The major sources of dietary fiber include:
You may not realize that dry beans and legumes are powerhouse sources of fiber. But these plant-based morsels pack in more fiber than most other foods. Swap lentils for meat in recipes, add beans to soups and stews, top salads and grain bowls with chickpeas.
- Navy beans, 1 cup cooked (19.1 grams).
- Black beans, 1 cup canned (16.6 grams).
- Lentils, 1 cup cooked (15.6 grams).
- Pinto beans, 1 cup cooked (15.4 grams).
- Red kidney beans, 1 cup cooked (13.6 grams).
- Chickpeas, 1 cup cooked (12.5 grams).
- Edamame, 1 cup cooked and shelled (8 grams).
Perhaps best known as a source of healthy fats, nuts and seeds also contribute fiber. Snack on nuts instead of pretzels and chips, add nuts to salads and grain bowls or sprinkle seeds on overnight oats.
- Chia seeds, 1 ounce (9.8 grams).
- Almonds, 1 ounce (3.5 grams).
- Pine nuts, 1 ounce (3.0 grams).
- Pistachios, 1 ounce (2.9 grams).
- Pecans, 1 ounce (2.7 grams).
- Sunflower kernels, 1 ounce (2.6 grams).
Choose more whole fruits instead of juice to get more fiber. Eating the peels will boost your fiber intake even more. Start your day with at least one serving of fruit by using it to top oatmeal, stirring it into yogurt or adding it to a smoothie.
- Raspberries, 1 cup (8.0 grams).
- Avocado, 1/2 of the fruit (6.8 grams).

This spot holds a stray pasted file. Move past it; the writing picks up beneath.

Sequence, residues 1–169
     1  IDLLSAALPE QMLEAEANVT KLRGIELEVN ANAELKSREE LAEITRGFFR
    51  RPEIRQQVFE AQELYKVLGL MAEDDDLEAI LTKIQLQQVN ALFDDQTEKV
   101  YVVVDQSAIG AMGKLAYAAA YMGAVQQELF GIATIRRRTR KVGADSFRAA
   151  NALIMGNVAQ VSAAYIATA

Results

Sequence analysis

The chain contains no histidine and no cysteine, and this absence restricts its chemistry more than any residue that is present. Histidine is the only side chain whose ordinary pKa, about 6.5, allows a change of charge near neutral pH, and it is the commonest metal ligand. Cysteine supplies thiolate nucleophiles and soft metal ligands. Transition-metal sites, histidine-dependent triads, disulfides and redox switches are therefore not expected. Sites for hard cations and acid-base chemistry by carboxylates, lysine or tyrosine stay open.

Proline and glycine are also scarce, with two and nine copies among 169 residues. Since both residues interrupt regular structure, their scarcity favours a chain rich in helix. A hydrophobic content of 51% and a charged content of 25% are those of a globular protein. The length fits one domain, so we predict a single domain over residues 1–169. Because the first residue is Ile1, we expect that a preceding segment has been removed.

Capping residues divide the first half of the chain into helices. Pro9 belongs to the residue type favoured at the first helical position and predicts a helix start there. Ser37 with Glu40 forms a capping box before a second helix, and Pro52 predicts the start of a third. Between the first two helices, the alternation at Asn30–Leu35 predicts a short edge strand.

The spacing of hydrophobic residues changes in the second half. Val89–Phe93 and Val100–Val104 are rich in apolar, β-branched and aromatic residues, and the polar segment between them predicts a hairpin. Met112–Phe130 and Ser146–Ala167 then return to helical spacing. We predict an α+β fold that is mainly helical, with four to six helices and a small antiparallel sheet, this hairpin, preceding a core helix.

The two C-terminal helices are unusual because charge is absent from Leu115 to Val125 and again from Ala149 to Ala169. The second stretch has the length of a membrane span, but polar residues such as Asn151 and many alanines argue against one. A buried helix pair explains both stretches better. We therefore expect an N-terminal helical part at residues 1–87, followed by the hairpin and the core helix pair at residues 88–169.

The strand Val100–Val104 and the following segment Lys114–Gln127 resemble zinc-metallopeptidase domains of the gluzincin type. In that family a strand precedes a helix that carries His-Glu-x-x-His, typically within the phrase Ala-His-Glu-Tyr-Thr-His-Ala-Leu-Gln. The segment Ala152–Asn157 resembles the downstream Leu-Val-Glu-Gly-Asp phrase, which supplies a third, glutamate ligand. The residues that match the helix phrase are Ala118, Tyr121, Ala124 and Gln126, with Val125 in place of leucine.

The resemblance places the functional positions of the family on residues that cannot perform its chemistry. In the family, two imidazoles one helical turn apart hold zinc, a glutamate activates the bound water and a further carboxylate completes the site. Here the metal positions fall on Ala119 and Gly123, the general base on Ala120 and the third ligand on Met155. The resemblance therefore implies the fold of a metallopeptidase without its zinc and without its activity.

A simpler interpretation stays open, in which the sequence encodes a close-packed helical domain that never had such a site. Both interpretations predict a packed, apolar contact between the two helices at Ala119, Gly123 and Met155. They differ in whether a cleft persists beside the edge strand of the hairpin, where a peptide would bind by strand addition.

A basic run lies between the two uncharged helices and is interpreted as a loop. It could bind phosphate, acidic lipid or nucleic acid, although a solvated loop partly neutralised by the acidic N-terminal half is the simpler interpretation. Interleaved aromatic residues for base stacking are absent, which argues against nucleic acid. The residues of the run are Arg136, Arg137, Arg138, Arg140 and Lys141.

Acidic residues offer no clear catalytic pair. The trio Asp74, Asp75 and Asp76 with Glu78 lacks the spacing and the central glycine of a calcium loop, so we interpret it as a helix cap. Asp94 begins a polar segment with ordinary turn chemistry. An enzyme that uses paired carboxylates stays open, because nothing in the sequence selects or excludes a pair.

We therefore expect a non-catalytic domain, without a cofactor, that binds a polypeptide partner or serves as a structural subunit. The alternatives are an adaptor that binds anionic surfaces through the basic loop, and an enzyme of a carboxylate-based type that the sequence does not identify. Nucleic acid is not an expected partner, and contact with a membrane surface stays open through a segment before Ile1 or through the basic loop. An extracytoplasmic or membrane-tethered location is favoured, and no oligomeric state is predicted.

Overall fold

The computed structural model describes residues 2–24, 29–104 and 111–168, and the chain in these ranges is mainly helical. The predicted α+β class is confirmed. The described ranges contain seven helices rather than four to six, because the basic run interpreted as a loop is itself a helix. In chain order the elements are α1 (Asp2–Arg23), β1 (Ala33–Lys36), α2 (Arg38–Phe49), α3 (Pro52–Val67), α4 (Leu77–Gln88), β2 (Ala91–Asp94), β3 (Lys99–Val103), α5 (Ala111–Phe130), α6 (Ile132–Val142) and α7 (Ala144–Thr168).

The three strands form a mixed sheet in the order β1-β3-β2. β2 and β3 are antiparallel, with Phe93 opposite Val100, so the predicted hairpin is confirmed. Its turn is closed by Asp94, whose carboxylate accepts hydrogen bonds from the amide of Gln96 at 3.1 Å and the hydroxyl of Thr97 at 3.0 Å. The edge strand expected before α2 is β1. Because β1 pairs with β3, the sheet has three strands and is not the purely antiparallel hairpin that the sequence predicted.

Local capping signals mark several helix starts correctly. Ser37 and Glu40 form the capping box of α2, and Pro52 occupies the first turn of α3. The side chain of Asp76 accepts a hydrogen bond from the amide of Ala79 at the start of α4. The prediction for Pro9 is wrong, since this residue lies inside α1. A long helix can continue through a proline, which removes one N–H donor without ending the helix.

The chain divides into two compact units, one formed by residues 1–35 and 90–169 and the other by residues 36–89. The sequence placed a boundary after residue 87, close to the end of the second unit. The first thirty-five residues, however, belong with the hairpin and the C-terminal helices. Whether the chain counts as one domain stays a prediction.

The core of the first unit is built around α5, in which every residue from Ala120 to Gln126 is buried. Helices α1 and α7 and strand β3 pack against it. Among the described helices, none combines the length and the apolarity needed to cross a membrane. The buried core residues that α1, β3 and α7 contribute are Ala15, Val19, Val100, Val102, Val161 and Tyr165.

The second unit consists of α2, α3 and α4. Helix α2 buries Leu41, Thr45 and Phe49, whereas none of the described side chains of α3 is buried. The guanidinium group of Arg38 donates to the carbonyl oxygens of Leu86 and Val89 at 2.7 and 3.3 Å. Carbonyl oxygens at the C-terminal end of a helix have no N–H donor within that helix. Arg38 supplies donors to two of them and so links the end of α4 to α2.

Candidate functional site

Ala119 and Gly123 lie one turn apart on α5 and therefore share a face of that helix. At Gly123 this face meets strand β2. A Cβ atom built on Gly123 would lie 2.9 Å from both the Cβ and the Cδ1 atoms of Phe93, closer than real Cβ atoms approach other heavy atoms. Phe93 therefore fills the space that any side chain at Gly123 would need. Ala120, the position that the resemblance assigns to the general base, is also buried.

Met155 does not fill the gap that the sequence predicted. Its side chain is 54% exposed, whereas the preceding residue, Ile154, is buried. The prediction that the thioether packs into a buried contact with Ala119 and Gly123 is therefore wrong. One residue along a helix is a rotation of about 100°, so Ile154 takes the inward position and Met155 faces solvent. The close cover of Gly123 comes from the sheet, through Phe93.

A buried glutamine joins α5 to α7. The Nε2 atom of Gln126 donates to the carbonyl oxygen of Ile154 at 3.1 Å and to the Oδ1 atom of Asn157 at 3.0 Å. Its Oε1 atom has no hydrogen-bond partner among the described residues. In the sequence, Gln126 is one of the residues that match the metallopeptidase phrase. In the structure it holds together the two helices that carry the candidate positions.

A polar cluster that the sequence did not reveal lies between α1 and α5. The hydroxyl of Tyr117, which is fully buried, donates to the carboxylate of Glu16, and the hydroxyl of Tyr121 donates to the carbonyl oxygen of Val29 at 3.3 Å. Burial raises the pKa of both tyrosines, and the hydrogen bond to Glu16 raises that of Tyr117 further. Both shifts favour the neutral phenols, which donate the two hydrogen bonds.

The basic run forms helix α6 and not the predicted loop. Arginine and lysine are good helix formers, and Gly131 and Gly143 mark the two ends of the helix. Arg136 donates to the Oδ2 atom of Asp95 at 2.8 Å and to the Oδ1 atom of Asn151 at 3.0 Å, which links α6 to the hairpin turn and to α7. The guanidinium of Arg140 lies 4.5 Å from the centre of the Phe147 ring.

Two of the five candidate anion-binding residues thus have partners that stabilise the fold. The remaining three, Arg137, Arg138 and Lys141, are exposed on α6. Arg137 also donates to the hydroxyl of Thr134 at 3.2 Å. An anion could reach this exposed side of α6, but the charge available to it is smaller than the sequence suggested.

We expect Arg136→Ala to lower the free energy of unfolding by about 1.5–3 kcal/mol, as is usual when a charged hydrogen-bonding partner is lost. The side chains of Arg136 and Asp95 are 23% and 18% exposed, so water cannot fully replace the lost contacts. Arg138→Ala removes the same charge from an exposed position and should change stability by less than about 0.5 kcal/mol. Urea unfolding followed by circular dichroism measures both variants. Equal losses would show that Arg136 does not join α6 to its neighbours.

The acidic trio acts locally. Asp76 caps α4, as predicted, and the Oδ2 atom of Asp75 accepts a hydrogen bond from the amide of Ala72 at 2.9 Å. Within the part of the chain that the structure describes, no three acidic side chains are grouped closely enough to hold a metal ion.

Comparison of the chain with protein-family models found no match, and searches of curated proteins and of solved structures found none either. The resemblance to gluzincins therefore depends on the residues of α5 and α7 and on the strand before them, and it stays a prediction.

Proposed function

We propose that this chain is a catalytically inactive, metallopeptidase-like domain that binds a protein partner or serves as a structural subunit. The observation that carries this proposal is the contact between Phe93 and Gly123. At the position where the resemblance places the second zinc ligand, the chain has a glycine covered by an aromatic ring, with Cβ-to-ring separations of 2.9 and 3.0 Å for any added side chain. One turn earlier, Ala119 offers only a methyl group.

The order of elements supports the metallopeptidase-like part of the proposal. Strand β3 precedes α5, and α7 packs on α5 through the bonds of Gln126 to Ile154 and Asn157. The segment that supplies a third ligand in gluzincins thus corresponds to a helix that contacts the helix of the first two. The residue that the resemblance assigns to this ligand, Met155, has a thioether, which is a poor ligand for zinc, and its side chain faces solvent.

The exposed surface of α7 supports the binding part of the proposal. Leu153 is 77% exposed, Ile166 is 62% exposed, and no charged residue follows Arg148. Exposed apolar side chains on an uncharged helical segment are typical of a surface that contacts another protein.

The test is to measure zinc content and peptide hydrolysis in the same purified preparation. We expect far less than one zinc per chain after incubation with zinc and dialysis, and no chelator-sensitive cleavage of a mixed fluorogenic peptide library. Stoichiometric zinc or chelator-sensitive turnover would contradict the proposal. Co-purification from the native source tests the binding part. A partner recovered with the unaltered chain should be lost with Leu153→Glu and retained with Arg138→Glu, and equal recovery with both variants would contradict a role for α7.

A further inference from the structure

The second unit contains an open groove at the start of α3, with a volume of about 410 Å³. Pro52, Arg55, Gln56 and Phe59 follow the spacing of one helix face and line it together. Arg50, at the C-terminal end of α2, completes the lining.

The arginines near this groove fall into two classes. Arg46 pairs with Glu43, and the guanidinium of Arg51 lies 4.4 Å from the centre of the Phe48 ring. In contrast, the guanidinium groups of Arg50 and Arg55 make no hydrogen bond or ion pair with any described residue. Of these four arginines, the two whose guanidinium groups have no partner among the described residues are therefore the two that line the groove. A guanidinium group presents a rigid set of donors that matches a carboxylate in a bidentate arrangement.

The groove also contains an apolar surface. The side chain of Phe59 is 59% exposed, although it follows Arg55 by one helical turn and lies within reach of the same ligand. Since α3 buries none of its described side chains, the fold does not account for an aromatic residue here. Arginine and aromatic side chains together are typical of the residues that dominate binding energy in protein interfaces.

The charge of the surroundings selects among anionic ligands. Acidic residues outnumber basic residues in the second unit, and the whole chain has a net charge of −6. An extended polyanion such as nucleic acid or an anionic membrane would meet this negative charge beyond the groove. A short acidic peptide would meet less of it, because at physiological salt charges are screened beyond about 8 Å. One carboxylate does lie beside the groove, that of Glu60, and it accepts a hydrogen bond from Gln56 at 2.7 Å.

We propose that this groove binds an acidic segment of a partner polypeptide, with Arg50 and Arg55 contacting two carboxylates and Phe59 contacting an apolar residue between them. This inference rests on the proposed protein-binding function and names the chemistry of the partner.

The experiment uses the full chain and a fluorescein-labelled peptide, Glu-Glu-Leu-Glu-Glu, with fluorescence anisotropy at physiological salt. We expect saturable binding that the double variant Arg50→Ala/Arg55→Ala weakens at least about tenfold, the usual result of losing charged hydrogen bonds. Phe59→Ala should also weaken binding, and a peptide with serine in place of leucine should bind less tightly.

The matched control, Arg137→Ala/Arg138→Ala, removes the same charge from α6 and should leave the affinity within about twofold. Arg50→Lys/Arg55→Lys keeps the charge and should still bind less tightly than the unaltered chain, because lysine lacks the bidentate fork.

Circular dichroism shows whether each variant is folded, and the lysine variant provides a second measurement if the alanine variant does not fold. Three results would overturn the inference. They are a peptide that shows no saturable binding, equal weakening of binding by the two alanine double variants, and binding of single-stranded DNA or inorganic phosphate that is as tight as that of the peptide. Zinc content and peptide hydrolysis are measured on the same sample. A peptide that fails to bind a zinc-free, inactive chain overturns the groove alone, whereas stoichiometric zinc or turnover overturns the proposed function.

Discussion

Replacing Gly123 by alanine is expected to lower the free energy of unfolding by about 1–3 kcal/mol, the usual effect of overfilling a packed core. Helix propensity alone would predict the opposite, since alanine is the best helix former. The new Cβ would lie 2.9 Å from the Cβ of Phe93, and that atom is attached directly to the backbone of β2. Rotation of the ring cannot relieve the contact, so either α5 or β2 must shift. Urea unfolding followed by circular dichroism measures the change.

- Pear, 1 medium (5.5 grams)
- Red delicious apple with the skin, 1 medium (4.8 grams).
- Mejdool dates, 3 pitted (4.8 grams).
- Blueberries, 1 cup (3.5 grams).
- Banana, 1 medium (3.1 grams).
- Orange, 1 medium (3.0 grams).
- Strawberries, 1 cup (3.0 grams).
Keep eating your salads, but keep in mind that leafy greens lack the same level of fiber found in other vegetables. Be sure to add more fiber-rich vegetables to your salads, add a side of roasted vegetables to your meals and snack on crunchy raw veggies.
- Green peas, 1 cup cooked (8.8 grams).
- Broccoli, 1 cup cooked (5.1 grams).
- Brussels sprouts, 1 cup cooked (4.1 grams).
- Baked potato with skin, 1 medium (3.8 grams).
- Baked sweet potato without skin, 1 medium (3.8 grams).
- Yellow sweet corn, 1 cup cooked (3.6 grams).
- Beets, 1 cup cooked and sliced (3.4 grams).
- Cauliflower, 1 cup cooked and chopped (2.9 grams).